Eliglustat tartrate, a capsule taken orally, is being developed to provide a convenient treatment alternative for adult patients with Gaucher disease type 1, and to offer a broader range of treatment options for patients and physicians to achieve individual therapeutic goals. Genzyme is currently enrolling patients in three global, multi-center, phase 3 trials of eliglustat tartrate. This is the largest clinical program ever focused on Gaucher disease, with over 50 sites in more than 25 countries currently participating. Genzyme's Gaucher disease portfolio also offers Cerezyme® (imiglucerase for injection), the standard of care for patients with Gaucher disease type 1, which is administered through intravenous infusions.
To learn more about the phase 3 trials of eliglustat tartrate, contact Genzyme Medical Information at firstname.lastname@example.org or 1-800-745-4447. More information can also be found at www.clinicaltrials.gov or www.explorerstudies.com.
About Gaucher disease
Gaucher disease is an inherited condition affecting fewer than 10,000 people worldwide. People with Gaucher disease do not have enough of an enzyme, acid Î²-glucosidase (glucocerebrosidase) that breaks down a certain type of fat molecule. As a result, lipid engorged cells (called Gaucher cells) amass in different parts of the body, primarily the spleen, liver and bone marrow. Accumulation of Gaucher cells may cause spleen and liver enlargement, anemia, excessive bleeding and bruising, bone disease and a number of other signs and symptoms. The most common form of Gaucher disease, type 1, does not typically affect the nervous system and brain.
About eliglustat tartrate
Eliglustat tartrate, a novel glucosylceramide analog given orally, is designed to partially inhibit the enzyme glucosylceramide synthase, which results in reduced production of glucosylceramide. Glucosylceramide is the substance that builds up in the cells and tissues of people with Gaucher disease. In preclinical studies, the molecule, developed with James A. Shayman, M.D. from the University of Michigan, has shown high potency and specificity. Based on its mechanism of action, which is independent of genotype, eliglustat tartrate may be a potential therapy for patients with Gaucher disease type 1. Initiation of the phase 2 and 3 studies of eliglustat tartrate in Gaucher disease followed completion of an extensive pre-clinical research effort and a phase 1 program. Over 300 subjects have now been treated in nine separate studies.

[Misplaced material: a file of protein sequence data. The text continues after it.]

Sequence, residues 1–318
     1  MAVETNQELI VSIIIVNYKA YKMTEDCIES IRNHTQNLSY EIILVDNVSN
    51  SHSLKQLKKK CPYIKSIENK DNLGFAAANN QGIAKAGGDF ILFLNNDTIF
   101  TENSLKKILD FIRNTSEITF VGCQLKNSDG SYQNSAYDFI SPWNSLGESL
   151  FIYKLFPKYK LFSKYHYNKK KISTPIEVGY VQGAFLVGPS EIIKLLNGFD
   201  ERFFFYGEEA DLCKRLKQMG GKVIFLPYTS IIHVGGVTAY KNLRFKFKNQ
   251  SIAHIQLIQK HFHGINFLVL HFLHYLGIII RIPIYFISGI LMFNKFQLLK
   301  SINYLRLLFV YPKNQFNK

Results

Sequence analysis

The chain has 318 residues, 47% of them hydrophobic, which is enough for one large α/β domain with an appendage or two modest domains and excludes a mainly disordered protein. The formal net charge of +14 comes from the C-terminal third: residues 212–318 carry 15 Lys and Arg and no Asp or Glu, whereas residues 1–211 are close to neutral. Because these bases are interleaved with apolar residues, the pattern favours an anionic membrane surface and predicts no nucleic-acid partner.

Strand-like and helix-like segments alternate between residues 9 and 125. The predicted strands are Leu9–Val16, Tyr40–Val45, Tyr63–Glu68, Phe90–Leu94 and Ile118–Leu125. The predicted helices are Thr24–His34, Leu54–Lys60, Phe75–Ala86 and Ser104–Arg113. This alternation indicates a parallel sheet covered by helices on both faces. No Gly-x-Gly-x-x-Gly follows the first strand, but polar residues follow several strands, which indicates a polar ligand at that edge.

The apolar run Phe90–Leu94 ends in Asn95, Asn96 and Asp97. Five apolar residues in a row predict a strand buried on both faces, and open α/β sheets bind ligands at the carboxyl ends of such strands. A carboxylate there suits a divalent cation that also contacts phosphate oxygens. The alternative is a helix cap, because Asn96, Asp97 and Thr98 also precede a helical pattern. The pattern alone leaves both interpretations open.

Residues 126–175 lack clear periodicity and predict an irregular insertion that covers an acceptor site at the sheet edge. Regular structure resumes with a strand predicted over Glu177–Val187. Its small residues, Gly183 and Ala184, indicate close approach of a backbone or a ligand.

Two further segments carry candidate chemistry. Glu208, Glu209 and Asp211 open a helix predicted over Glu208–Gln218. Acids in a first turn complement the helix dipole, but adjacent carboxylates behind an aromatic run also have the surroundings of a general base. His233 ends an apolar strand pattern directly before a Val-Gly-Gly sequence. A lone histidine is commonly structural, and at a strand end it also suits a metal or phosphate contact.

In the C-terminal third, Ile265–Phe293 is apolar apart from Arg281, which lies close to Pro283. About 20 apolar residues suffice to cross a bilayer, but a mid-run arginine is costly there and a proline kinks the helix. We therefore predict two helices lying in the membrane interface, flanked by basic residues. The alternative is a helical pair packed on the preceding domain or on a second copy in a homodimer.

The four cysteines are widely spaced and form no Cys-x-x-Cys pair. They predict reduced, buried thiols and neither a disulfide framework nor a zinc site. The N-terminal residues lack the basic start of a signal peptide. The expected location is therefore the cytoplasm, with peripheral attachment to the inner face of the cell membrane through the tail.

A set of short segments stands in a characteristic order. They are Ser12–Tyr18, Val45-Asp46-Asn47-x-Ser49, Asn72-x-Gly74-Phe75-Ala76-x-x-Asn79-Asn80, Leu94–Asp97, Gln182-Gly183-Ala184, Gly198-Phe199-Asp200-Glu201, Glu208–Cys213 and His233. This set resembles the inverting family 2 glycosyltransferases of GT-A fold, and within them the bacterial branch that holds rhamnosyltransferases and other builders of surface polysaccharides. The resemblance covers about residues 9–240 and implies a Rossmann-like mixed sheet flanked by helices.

The data from the phase 2 trials with eliglustat tartrate were previously published in the journal Blood and the results can be found at the below references:
- Phase 2 data at the 1 year time point: Lukina et al. Blood, Aug 2010; Vol. 116: 893 - 899
- Phase 2 data at the 2 year time point: Lukina et al. Blood, Nov 2010; Vol 116: 4095 - 4098
Cerezyme important safety information
Approximately 15 percent of patients have developed IgG antibodies, and these patients have a higher risk of hypersensitivity reaction. Therefore periodic monitoring is suggested; caution should be exercised in patients with antibodies or prior symptoms of hypersensitivity. Symptoms suggestive of hypersensitivity occurred in 6.6 percent of patients, and include anaphylactoid reaction, pruritus, flushing, urticaria, angioedema, chest discomfort, dyspnea, coughing, cyanosis and hypotension. Reactions related to Cerezyme administration have been reported in less than 15 percent of patients. Each of the following events occurred in less than 2 percent of the total patient population. Reported adverse events include nausea, vomiting, abdominal pain, diarrhea, rash, fatigue, headache, fever, dizziness, chills, backache, and tachycardia. Adverse events associated with the route of administration include discomfort, pruritus, burning, swelling or sterile abscess at the site of venipuncture. For full prescribing information, please visit www.genzyme.com.
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Posted: February 2011